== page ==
JSF: Suggestion for Performance Improvement

May 1, 2009

One of the areas of JSF that I think suffers compared to other models such as JSP, PHP, etc is that it requires two paths instead of one. In JSP, for example, code is compiled directly into Java bytecode. That code is then directly executed when the servlet is accessed. As a result, a single path is executed to render the content to the output stream. In JSF on the other hand, first a component tree is created and renderers associated with it. Once that tree is constructed and JSF enters the render phase, the tree is walked completely and content is written to the output stream. Thus, JSF requires two paths: one to create the tree and one to render it. As a result, JSF has overhead associated with it. On the plus side, that overhead buys the developer a much improved programming model and better MVC implementation. The component tree is a stateful tree that allows state to be associated to components (ie: a value for an input component). This allows JSF to have a very clean model for performing validation, actions, and rendering. However, I believe that the tree mechanism can be improved from a performance standpoint.

In JSF, when the FacesServlet is accessed, it asks its associated view handler implementation to restore or build a view or component tree. In Facelets, this tree is built by using Facelet TagHandlers that create a component for each tag instance adding the component to the tree. In JSP, the tags are associated to JSP tag handler classes that perform similar logic. In either scenario, the end result is a tree of components. When they create components, they use the JSF application to create the component by asking the application for a component with a given component type. As components are stateful, a new instance must be created per request. Thus, for a very large page with several components, it requires invoking several tag handler classes that end up retrieving the application to get the component which then creates the component by using reflection on the associated class type. This has two impacts to performance. First, you have to create several components for a given page and each of those invocations require memory allocation, initialization, referencing, setting attributes, etc…very expensive tasks. This also impacts garbage collection by creating excess garbage per request. Second, it has to use reflection to create the classes and reflection is generally slower than directly invoking the new operator. So, what can we do to help?

In principle, components in JSF are really not 100% stateful. From a ease of development standpoint, they prolly are, but from a performance standpoint, they really are not. What I mean by that statement is that a page does not change from one request to another meaning that components do not necessarily need to have separate state between requests. The content behind the component changes (ie: via EL expressions and backing beans), but the components themselves are exactly the same from request to request. For example, a panel group component is nothing more than a grouping component that is used to group multiple components (typically in a ‘div’ or ‘span’ in HTML). The component has several attributes such as styles, style classes, dimensions, titles, etc. On a page, it may be defined such as:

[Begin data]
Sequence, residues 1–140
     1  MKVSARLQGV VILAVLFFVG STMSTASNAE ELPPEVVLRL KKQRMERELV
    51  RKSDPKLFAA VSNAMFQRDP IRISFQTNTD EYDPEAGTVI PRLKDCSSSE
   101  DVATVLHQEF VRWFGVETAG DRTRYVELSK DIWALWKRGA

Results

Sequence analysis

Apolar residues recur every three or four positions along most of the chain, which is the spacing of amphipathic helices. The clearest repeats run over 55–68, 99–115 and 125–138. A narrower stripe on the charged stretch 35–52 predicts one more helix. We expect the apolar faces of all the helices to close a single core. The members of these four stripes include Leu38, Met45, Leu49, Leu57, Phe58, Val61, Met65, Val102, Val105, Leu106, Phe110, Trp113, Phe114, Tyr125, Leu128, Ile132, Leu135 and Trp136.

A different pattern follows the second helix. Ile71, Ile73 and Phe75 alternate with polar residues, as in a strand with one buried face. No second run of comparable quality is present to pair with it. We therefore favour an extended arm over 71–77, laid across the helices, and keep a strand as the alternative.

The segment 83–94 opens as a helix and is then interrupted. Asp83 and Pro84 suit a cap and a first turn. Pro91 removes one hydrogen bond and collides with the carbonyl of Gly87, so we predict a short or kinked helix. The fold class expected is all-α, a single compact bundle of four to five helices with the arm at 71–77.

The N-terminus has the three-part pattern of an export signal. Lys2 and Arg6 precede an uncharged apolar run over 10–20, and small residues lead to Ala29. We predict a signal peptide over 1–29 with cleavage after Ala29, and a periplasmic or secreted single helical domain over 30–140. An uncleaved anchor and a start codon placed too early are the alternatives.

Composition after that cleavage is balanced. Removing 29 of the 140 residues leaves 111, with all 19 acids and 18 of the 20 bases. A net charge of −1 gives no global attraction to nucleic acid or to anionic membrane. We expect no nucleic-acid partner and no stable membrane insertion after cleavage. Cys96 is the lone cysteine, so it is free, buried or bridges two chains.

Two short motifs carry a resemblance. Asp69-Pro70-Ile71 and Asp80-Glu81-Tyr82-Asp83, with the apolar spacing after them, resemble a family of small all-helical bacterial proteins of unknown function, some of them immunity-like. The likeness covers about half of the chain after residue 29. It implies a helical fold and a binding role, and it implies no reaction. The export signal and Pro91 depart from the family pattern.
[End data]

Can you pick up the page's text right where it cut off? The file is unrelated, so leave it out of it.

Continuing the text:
<h:panelGroup id="test" styleClass="#{MyBean.state == 'valid' ? 'valid class' : 'invalid class'}">...</h:panelGroup>

When that gets created by the tag handlers, it results in a panel group component that includes a static string value for the id property and an EL expression for the styleClass property. When user X hits the page such that MyBean.state evaluates to ‘valid’, the EL expression is evaluated and evaluated in the context of the user. When user Y hits the page, the expression is evaluated in that user context which could cause the expression to be evaluated differently. In neither request did anything in the component change.

I am making this point on components not being stateful for two reasons. First, by being stateless, they can be re-used across requests (similar to renderers). Second, by being stateless, they do not need to save their state. State saving is another huge bottleneck in JSF and reducing the number of components that take part in saving state can improve performance vastly. There is already a lot of work being done in this area in JSF, so I will not touch on it further. The first issue is of my primary concern. If we can truly call a component stateless and re-use across requests, then we can reduce the number of reflection calls and number of instantiation calls. This can dramatically improve throughput for pages with several components on a page. But how do you know if a component is stateful or not and better yet, how would you even fix this in JSF when it is already built on the principle of stateful components?

To answer the first question, the easiest way is to check out what instance variables a class uses. If a class uses only value bindings or EL expressions, it can be stateful since expressions are evaluated per request by using the current FacesContext of the active thread (via ThreadLocal). Further, if the attributes in the component are tied directly to a tag handler attribute (ie: styleClass, style, etc), then they are generally set once by the page and never change…ie: they are stateless to subsequent requests. Generally, if a component has non-attribute specific variables such as state, values, etc, then they are stateful. For example, the input components (ie: UIInput) have a local value instance field for managing the state through the lifecycle (from validation to conversion to rendering). Because that value can change request to request, input components are generally stateful. However, the number of input components on a page to non-input components (ie: visual components) is drastically smaller. As a result, we can make several components stateless. But how?